Jerusalem stabbing attack victim identified as Adiel Kolman

Funeral for 32-year-old father of four to be held Monday morning in the West Bank settlement of Kochav Hashachar where he lived

Adiel Kolman, who was killed in a stabbing attack in Jerusalem's Old City on March 19 2018 (Courtesy)
Adiel Kolman, who was killed in a stabbing attack in Jerusalem's Old City on March 19 2018 (Courtesy)

The Israeli man stabbed to death in a terror attack in Jerusalem’s Old City on Sunday was identified as 32-year-old Adiel Kolman.

Kolman, a father of four, was from the central West Bank settlement of Kochav Hashachar. His funeral will be held there on Monday at 11:00 a.m.

Kolman, who was critically injured in the afternoon terror attack, died of his wounds in the hospital hours later.

Innitial reports identified Kolman as a security guard in the Old City. However, friends later said he had worked in the archaeological digs at the City of David for the last five years.

The assailant, 28-year-old Abd al-Rahman Bani Fadel, was shot dead at the scene by an Israel Police officer, authorities said.

The assailant was said to have spoken to a number of vendors in the Old City’s Muslim Quarter before carrying out the attack.

Shortly before 5 p.m., Fadel walked up to Kolman on Hagai Street and stabbed him repeatedly in the upper body, critically wounding him.

The terrorist then fled the scene, but was spotted by nearby police officers, who opened fire, fatally wounding him.

Medics rushed into the stone alleyways of the Old City in order to reach Kolman. Due to the narrowness of the passageways, the victim was taken out of the area on a buggy, the Magen David Adom ambulance service said. He was treated at the Shaare Zedek Medical Center, but succumbed to his wounds several hours later.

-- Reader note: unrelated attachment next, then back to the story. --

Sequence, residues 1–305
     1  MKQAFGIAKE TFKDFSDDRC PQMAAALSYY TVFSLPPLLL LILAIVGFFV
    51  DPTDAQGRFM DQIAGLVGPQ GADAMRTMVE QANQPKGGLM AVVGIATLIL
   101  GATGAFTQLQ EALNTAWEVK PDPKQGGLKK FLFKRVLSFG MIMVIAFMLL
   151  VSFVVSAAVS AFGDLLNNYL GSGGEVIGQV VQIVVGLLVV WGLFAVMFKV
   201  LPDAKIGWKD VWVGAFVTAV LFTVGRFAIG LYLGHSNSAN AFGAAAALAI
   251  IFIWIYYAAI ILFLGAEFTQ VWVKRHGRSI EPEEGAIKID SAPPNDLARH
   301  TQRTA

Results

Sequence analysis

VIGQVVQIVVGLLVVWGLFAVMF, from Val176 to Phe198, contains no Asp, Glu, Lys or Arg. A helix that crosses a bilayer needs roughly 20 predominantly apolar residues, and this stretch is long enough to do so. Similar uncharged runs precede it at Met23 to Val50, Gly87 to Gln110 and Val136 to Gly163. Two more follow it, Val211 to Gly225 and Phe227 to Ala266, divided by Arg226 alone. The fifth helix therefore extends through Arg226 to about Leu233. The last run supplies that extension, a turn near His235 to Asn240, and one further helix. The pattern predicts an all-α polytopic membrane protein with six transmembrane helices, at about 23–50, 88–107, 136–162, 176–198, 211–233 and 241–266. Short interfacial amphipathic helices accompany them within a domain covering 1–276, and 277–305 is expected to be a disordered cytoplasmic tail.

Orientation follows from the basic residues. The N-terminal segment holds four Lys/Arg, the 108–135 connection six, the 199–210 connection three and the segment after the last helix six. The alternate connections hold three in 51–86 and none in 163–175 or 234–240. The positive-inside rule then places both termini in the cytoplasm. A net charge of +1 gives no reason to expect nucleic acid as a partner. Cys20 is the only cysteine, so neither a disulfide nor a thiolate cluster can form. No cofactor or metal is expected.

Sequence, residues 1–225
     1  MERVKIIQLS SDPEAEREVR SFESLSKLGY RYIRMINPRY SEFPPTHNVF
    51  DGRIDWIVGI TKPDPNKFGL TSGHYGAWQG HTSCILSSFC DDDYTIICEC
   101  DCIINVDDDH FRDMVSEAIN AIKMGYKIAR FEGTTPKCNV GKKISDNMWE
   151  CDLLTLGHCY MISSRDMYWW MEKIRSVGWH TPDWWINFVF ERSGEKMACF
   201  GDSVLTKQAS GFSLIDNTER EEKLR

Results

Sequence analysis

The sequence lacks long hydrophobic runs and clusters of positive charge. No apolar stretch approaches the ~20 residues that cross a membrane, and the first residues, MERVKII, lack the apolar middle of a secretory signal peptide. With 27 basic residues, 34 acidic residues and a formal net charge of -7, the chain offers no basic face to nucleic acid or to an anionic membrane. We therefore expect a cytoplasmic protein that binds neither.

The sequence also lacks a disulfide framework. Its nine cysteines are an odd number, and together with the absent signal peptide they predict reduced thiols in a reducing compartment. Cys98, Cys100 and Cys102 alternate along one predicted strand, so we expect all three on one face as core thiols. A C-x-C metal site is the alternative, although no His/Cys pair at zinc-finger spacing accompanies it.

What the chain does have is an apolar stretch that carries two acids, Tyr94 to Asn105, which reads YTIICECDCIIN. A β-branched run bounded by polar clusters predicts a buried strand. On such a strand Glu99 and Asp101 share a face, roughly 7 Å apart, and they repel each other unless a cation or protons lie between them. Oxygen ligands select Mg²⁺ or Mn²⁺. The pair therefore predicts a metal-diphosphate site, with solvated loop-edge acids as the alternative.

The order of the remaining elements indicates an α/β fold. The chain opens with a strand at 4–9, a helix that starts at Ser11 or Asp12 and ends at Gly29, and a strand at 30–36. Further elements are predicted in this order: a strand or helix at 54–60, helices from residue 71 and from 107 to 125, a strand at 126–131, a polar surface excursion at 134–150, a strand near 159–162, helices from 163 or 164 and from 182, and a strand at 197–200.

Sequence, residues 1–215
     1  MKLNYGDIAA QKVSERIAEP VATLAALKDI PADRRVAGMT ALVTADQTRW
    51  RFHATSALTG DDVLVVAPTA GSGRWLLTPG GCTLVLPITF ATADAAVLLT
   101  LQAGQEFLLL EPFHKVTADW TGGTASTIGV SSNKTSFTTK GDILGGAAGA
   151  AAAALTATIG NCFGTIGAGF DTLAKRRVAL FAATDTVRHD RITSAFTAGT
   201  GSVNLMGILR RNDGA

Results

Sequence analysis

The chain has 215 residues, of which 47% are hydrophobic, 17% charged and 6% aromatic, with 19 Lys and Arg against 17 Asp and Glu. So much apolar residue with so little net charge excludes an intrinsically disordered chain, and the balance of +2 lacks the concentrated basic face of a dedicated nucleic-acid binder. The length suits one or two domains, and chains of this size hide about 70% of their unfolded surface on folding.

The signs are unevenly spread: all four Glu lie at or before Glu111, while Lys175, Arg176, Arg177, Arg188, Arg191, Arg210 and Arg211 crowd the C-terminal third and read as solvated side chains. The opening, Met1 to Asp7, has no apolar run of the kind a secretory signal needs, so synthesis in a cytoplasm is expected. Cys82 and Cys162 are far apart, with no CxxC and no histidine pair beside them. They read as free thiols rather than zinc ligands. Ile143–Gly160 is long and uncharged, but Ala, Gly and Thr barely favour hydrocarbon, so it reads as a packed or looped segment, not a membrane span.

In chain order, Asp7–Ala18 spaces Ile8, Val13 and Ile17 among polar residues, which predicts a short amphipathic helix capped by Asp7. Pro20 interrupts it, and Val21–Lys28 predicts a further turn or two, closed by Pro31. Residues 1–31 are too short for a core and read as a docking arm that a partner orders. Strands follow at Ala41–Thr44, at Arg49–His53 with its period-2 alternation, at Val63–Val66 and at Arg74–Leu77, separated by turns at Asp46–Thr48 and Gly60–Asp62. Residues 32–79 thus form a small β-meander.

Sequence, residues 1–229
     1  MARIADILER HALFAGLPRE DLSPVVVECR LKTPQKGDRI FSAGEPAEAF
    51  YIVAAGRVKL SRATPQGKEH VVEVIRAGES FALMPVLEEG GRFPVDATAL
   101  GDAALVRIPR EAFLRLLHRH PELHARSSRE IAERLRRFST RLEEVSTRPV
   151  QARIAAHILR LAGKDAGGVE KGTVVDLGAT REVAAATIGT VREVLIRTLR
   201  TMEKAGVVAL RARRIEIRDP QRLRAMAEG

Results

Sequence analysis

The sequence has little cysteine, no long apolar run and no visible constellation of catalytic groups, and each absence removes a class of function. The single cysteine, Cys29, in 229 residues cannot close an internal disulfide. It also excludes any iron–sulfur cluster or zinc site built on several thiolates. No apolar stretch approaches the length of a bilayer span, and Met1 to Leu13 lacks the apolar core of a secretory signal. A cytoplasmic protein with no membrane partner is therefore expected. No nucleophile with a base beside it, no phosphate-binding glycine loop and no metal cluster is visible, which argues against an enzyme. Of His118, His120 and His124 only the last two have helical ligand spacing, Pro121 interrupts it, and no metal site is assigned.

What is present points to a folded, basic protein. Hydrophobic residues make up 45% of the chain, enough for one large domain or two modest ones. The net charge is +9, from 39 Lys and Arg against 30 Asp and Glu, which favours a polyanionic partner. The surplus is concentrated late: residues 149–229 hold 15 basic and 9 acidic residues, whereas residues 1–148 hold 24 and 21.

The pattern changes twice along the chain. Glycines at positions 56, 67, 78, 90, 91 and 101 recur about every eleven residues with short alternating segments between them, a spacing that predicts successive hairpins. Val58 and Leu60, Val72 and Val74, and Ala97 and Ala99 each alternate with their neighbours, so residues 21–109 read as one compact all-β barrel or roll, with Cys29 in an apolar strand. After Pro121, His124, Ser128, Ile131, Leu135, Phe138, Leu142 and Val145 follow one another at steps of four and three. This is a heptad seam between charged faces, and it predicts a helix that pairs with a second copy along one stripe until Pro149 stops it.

Hours after the attack, the Shin Bet security service revealed that Fadel had entered Israel with a five-day permit that allowed him into the city to look for work.

The Palestinian father of two from Aqraba, near the West Bank city of Nablus did not have known ties to any Palestinian terrorist organization — if he had, he would not have received the work permit — but, in light of the attack, the Shin Bet said it was re-investigating the issue.

The security service also dispelled earlier rumors that the attacker was a Turkish national.

Once common in the Old City, stabbing attacks have waned in recent months. However, tensions have been on the rise around Jerusalem since US President Donald Trump recognized the city as Israel’s capital in December. This month, he also announced that the US Embassy would be moving from its current location in Tel Aviv to Jerusalem on May 14.

On Friday, two Israeli soldiers were killed and two others were injured when a Palestinian man rammed his car into them as they were standing outside a military observation post along a highway near the Mevo Dotan settlement in the northern West Bank.

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